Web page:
Amato MB, Meade MO, Slutsky AS, et al. Driving pressure and survival in the acute respiratory distress syndrome. N Engl J Med. 2015;372(8):747–55.
Goligher EC, Kavanagh BP, Rubenfeld GD, et al. Oxygenation response to positive end-expiratory pressure predicts mortality in acute respiratory distress syndrome. A secondary analysis of the LOVS and ExPress trials. Am J Respir Crit Care Med. 2014;190(1):70–6.
Eronia N, Mauri T, Maffezzini E, et al. Bedside selection of positive end-expiratory pressure by electrical impedance tomography in hypoxemic patients: a feasibility study. Ann Intensive Care. 2017;7(1):76.
Writing Group for the Alveolar Recruitment for Acute Respiratory Distress Syndrome Trial (ART) Investigators, Cavalcanti AB, Suzumura ÉA, Laranjeira LN, et al. Effect of lung recruitment and titrated positive end-expiratory pressure (PEEP) vs low PEEP on mortality in patients with acute respiratory distress syndrome: a randomized clinical trial. JAMA. 2017;318(14):1335–45.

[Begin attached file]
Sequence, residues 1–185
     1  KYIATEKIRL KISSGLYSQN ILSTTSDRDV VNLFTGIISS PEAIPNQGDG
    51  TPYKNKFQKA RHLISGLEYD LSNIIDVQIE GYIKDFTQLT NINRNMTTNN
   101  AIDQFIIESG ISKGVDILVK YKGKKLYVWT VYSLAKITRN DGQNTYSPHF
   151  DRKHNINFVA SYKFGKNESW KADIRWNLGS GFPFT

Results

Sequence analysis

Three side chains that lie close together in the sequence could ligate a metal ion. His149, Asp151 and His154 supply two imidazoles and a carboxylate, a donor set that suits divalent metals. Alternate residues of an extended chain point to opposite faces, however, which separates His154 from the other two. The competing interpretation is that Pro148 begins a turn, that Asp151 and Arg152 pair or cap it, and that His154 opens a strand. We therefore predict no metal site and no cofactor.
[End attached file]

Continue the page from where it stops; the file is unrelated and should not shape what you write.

Calfee CS, Delucchi K, Parsons PE, et al. NHLBI ARDS Network. Subphenotypes in acute respiratory distress syndrome: latent class analysis of data from two randomised controlled trials. Lancet Respir Med. 2014;2(8):611–20.
Shankar-Hari M, Rubenfeld GD. Population enrichment for critical care trials: phenotypes and differential outcomes. Curr Opin Crit Care. 2019;25(5):489–97.
We are grateful to Prof. Antonio Pesenti and Prof. Giacomo Grasselli for their invaluable suggestions in reviewing this manuscript.
The study was supported by Institutional funds.
Ethics approval and consent to participate
Consent for publication
G.B. received lecturing fees from Draeger. E.R. declares that he has no competing interests.
Springer Nature remains neutral with regard to jurisdictional claims in published maps and institutional affiliations.
About this article
Cite this article
Rezoagli, E., Bellani, G. How I set up positive end-expiratory pressure: evidence- and physiology-based!. Crit Care 23, 412 (2019). https://0-doi-org.brum.beds.ac.uk/10.1186/s13054-019-2695-z